His worries appear to have been well founded. The understanding of human nature that this drive to consume seems to corroborate is one in which we are creatures driven to inhabit a hyperreal world that is more titillating than our real lives, a world of well-groomed beauty full of exquisitely engineered gadgets, where our highest aspiration is a happiness defined by leisure and good feelings. The fact that it is never as satisfying as we expect it to be does not deter us, and even draws us more deeply into it. As social psychologist Daniel Gilbert has shown in his studies in "affective forecasting," we are notoriously inaccurate in our predictions regarding how intense and enduring our emotional satisfaction will be in our pursuit of happiness. Locked into a pattern of fixing our sights on the next great thing - be it an Italian espresso maker, a plasma TV, a more spacious house, or winning the lottery - we pump up our anticipation, go after it, get it, resituate our lives around it, then look for the next great thing. As soon as the transient pleasure that it delivers fades, we set our sights on the next thing that will put our desire to rest. This testifies to the endless restlessness of our affections. Each new achievement is quickly incorporated in a process Gilbert refers to as "ordinizing," the thrill subsides, and we recalibrate our hopes for happiness to the next glimmering object of desire, which we predictably overestimate with respect to the level of gratification it will provide.28 Gilbert has described this phenomenon as "miswanting"; Augustine described it as concupiscence, a heedless craving for goods that are less than God.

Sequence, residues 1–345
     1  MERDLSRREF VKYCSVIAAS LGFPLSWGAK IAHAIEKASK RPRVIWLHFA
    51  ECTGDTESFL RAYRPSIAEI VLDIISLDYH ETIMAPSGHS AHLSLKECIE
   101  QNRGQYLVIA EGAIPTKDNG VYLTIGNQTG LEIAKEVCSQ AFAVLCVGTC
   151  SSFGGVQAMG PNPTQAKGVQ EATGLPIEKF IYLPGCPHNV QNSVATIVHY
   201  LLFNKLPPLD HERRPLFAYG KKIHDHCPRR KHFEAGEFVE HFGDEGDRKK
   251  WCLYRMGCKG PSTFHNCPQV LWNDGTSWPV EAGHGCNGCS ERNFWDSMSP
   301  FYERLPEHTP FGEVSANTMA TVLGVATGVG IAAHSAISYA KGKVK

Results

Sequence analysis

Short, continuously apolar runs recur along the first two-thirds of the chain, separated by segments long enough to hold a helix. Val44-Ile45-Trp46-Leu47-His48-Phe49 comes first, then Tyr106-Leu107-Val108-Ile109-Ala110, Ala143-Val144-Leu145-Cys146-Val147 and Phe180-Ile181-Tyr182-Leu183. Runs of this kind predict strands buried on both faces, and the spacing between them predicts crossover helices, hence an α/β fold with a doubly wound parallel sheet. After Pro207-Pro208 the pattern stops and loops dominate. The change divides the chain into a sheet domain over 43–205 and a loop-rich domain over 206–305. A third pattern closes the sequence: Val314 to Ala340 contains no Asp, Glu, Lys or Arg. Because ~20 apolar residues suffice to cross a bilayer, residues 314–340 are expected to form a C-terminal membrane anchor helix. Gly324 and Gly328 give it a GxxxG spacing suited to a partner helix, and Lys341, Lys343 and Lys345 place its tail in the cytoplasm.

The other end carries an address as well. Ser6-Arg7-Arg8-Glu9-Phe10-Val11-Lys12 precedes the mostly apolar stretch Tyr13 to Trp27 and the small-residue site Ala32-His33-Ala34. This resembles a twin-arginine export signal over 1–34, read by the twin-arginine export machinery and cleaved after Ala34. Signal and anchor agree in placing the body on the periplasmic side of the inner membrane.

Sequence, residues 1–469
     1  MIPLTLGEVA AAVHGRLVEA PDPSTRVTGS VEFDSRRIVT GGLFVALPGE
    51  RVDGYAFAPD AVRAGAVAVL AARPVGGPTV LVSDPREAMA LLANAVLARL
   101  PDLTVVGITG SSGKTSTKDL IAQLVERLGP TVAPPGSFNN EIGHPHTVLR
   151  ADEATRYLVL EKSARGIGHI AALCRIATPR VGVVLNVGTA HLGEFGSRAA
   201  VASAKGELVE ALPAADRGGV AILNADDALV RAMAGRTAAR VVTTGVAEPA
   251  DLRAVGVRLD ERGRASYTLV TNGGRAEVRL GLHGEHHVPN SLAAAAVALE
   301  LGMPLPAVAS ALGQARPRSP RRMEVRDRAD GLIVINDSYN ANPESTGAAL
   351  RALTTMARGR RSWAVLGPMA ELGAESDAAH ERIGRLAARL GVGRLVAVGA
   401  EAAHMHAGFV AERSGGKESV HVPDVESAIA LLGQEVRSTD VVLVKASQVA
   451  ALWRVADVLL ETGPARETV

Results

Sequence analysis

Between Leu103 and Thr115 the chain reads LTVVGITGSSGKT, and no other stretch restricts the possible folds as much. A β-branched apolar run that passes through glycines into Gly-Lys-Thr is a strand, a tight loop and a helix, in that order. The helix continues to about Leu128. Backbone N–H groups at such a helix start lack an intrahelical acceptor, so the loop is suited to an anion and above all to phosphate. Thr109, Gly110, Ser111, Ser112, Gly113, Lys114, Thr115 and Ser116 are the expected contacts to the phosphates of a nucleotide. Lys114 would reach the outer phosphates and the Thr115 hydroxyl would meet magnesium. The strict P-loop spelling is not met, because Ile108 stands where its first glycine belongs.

And this is an anthropology we are exporting to the rest of the world -creatures giving license to their desires for amusement, desires which are endorsed rather than curtailed, creatures chasing after simulacra and playing alone with pleasure-generating devices. "The pleasure-seeking bricoleur," Hebdige complains, "replaces the Truth-and-Justice seeking rational subject of the Enlightenment."29 Gandhi once suggested that one of the seven deadly sins should be pleasure without conscience. Rather than censuring this sin, we promote it as the fulfillment of our being.